UK probes US big tech dominance of AI

The UK Competition and Markets Authority (CMA) is worried that a small number of US tech companies could act as a cartel in order to manipulate the AI market in their favour.

Scott Bicheno

April 12, 2024

3 Min Read
source: cma

Specifically, the CMA is looking into the companies that dominate the development and commercialisation of foundation models (FM), such as Open AI’s GPT, and how they interact with each other. It has identified an ‘interconnected web’ (above) of over 90 partnerships and strategic investments involving Google, Apple, Microsoft, Meta, Amazon, and Nvidia, which it fears could be used to create excessive barriers to other companies entering the FM market.

This probe builds in preliminary work completed last year, which had the initial purpose of establishing a regulatory framework for AI. It seems a byproduct of that investigation was to uncover the extent to which those ostensibly competitive companies actually cooperate with each other. At the same time the CMA is conducting a separate but highly related investigation into the UK cloud market, which focuses on many of the same companies.

“When we started this work, we were curious,” said Sarah Cardell, CEO of the CMA. “Now, with a deeper understanding and having watched developments very closely, we have real concerns. The essential challenge we face is how to harness this immensely exciting technology for the benefit of all, while safeguarding against potential exploitation of market power and unintended consequences.”

Cardell articulated these concerns during a speech delivered in the US, where there seems to be a gathering this week of politicians and regulators wringing their hands about the apocalyptic potential of AI and the mega-companies that control it. The US and EU have also just held their fourth Joint Technology Competition Policy Dialogue.

“The growth of data monopolies and the rapid expansion of artificial intelligence expand the competitive threats we face from dominant digital gatekeepers,” said Jonathan Kanter, Assistant Attorney General, U.S. Department of Justice Antitrust Division. “Exchanging best practices with our global counterparts helps us to more effectively serve the American people, and we deeply appreciate the European Commission's continued engagement through the TCPD.”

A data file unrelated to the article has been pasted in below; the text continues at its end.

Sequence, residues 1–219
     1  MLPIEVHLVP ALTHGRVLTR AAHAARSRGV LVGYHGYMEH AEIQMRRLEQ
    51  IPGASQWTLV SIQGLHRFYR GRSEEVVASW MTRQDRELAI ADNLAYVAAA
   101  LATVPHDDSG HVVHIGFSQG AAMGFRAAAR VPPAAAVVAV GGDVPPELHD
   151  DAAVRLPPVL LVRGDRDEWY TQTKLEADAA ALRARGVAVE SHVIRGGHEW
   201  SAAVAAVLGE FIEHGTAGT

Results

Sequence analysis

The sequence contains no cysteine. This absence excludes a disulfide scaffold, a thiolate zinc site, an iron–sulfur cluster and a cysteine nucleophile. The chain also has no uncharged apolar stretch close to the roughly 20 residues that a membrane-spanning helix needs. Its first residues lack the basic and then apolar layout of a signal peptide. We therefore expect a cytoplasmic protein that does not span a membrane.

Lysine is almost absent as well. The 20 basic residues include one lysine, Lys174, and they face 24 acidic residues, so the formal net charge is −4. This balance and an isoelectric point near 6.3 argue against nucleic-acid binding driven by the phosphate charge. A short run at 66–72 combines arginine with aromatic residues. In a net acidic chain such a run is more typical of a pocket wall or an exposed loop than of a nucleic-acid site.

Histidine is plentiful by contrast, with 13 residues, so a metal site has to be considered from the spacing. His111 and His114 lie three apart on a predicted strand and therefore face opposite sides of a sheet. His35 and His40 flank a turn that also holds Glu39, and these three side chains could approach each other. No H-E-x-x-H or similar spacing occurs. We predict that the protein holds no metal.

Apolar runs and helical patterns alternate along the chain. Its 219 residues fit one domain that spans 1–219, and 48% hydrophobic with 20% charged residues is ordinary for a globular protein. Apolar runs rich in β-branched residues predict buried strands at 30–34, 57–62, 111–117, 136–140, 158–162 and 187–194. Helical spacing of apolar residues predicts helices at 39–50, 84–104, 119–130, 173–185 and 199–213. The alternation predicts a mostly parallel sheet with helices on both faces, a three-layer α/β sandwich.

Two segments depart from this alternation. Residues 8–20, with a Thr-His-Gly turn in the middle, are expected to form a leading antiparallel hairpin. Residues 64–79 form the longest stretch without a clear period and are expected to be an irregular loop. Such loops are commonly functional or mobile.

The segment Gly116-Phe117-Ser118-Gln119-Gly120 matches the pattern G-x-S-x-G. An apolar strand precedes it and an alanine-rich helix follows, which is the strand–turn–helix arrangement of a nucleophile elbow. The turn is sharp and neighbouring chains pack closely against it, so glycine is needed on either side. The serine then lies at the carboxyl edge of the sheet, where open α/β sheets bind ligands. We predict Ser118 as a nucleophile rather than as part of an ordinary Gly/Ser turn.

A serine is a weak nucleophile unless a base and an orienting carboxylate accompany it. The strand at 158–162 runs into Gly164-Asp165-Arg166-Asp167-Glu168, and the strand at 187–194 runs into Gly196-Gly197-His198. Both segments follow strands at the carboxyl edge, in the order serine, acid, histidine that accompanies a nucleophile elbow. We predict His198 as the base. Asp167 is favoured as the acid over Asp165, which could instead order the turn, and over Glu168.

“As businesses move at breakneck speed to build and monetize artificial intelligence and algorithmic decision-making tools, engaging with our international partners and sharing best practices will be especially critical,” said FTC Chair Lina Khan. “The Joint Technology Dialogue provides U.S. agencies and the European Commission a key opportunity to discuss emerging threats in a rapidly evolving digital economy.”

Of all the companies in question, Google and Microsoft seem to have their fingers in the most related pies. Google not only controls how most people find stuff on the internet, it also owns Android, is a major cloud player and owns many influential FMs. Microsoft, of course, dominates the PC and productivity space, is also one of the big cloud providers and seems to have a controlling interest in Open AI, which has especially caught the CMA’s attention.

The regulation of AI is set to be one of the most important public policy responsibilities of our time. On top of the need to prevent some kind of Skynet apocalypse taking place, the world has to find a way of making these companies more accountable for the direction and utilisation of AI. This effort isn’t helped by the escalating tech cold war between the US and China, and we can only hope the latter shares the concerns currently being expressed by its great rival.

About the Author(s)

Scott Bicheno

As the Editorial Director of, Scott oversees all editorial activity on the site and also manages the Intelligence arm, which focuses on analysis and bespoke content.
Scott has been covering the mobile phone and broader technology industries for over ten years. Prior to Scott was the primary smartphone specialist at industry analyst Strategy Analytics’. Before that Scott was a technology journalist, covering the PC and telecoms sectors from a business perspective.
Follow him @scottbicheno

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